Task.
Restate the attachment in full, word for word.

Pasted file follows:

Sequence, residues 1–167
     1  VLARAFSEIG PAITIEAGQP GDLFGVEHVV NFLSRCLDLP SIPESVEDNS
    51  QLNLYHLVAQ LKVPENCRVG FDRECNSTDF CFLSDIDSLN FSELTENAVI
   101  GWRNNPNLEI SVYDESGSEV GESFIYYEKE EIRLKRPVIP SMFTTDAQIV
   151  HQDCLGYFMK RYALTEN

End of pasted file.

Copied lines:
Sequence, residues 1–167
     1  VLARAFSEIG PAITIEAGQP GDLFGVEHVV NFLSRCLDLP SIPESVEDNS
    51  QLNLYHLVAQ LKVPENCRVG FDRECNSTDF CFLSDIDSLN FSELTENAVI
   101  GWRNNPNLEI SVYDESGSEV GESFIYYEKE EIRLKRPVIP SMFTTDAQIV
   151  HQDCLGYFMK RYALTEN